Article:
Referrals for client acquisition in professional services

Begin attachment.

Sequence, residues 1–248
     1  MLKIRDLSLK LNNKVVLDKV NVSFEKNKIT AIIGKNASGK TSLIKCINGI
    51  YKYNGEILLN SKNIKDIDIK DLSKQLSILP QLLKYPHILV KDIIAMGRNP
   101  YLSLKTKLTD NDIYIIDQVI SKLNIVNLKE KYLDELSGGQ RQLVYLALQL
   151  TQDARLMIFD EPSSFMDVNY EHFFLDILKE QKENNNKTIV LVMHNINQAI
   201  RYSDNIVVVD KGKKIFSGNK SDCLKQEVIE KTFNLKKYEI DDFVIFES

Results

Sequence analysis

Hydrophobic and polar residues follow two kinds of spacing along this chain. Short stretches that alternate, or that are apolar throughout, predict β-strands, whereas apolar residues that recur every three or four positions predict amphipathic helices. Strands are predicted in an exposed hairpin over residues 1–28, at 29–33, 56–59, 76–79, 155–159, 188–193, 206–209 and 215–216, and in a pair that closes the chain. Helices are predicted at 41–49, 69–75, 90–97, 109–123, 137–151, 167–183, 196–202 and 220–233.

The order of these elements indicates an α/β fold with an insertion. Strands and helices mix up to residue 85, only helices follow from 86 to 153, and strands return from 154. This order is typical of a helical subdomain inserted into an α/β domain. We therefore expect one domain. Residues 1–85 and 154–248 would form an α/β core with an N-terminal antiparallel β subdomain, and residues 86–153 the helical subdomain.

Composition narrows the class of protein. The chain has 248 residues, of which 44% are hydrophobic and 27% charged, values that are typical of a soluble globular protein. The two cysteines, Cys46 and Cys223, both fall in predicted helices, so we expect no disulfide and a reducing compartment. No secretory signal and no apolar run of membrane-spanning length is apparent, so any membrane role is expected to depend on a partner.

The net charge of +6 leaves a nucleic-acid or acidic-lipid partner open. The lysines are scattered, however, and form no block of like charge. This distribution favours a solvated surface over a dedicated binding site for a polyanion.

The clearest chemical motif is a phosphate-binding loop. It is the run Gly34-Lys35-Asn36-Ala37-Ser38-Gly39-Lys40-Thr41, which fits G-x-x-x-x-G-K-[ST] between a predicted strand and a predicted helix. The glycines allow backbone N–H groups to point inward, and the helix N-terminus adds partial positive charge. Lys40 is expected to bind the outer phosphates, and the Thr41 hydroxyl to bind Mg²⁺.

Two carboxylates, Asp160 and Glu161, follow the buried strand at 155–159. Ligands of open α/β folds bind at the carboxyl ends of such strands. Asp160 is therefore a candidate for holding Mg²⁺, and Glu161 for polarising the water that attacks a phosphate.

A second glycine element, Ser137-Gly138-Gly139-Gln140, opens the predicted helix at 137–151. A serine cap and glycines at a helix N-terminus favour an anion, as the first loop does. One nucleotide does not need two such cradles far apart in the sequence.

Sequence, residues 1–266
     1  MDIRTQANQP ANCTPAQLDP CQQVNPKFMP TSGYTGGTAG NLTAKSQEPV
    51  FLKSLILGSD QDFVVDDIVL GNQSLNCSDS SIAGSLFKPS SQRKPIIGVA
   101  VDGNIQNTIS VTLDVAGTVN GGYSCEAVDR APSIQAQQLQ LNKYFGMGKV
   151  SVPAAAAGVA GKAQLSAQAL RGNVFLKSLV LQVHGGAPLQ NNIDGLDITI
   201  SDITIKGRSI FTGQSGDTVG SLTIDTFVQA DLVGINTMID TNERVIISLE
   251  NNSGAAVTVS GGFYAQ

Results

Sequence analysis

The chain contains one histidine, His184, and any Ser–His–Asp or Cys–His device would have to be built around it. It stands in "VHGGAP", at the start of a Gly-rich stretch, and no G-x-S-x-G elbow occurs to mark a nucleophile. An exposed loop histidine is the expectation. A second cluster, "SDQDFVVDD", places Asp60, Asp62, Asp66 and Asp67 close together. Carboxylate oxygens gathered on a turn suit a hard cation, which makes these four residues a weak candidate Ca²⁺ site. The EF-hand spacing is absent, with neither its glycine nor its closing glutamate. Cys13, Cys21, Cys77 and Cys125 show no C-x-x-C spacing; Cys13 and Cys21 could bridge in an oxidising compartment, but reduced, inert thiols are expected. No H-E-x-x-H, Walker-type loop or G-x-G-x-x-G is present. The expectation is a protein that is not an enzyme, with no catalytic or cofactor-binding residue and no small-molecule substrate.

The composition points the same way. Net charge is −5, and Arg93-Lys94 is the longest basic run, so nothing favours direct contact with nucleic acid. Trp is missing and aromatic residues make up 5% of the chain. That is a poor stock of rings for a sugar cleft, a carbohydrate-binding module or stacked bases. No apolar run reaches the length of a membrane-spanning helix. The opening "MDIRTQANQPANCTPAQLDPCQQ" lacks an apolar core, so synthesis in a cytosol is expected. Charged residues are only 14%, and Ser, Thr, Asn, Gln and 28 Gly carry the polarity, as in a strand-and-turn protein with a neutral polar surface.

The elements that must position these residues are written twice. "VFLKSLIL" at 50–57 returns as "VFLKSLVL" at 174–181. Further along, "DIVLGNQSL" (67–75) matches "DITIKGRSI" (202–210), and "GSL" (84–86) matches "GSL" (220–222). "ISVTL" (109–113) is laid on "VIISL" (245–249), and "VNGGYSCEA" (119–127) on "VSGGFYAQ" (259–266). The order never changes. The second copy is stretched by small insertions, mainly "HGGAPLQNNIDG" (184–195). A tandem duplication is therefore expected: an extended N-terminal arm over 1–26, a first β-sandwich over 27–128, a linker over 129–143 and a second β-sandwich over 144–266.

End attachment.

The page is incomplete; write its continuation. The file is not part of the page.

Purpose: The research question addressed is: What are the perceptions of professionals and consumers regarding the antecedents of client referrals in the financial advice sector? Methodology: A total of 61 qualitative interviews were conducted, with three key groups: Independent Financial Advisers [IFAs] (20 interviews); clients of IFAs (26 interviews); and, consumers who manage their own financial affairs and do not use the services of an IFA (15 interviews). Findings: The financial advisers interviewed believe that client referrals are important to their business success, that they can influence clients to become ambassadors who will consciously seek out new clients, and that excellent service will motivate clients to provide referrals. However, the interviews with the clients painted a different picture. While advisers believe that they can influence client referral behavior, the clients did not believe that they were influenced by the adviser to make referrals. Research limitations/implications: The sampling method was non-random and relied on the professional contacts of the principal researcher as a starting point, from which a network of contacts was established to identify interviewees. The study casts doubt on the ability of professional service providers to influence client referral behavior. This novel finding deserves further research investigation. Practical implications: There is clearly scope for greater measurement in connection with referrals in professional service businesses. The propensity for clients to refer should be included as a metric in the performance measurement of professional service providers, in addition to standard financial measures. This would encourage the service provider to consider referrals during client interactions. Originality/value: The study reports on a substantial qualitative study involving both professional service providers and their clients. While the providers believe that client referrals are critical to their business success, the evidence collected provides little or no support for this belief. Clients report they are not motivated to refer. Advisers do not explicitly measure referrals. The reality of referrals seems not to match the mythology.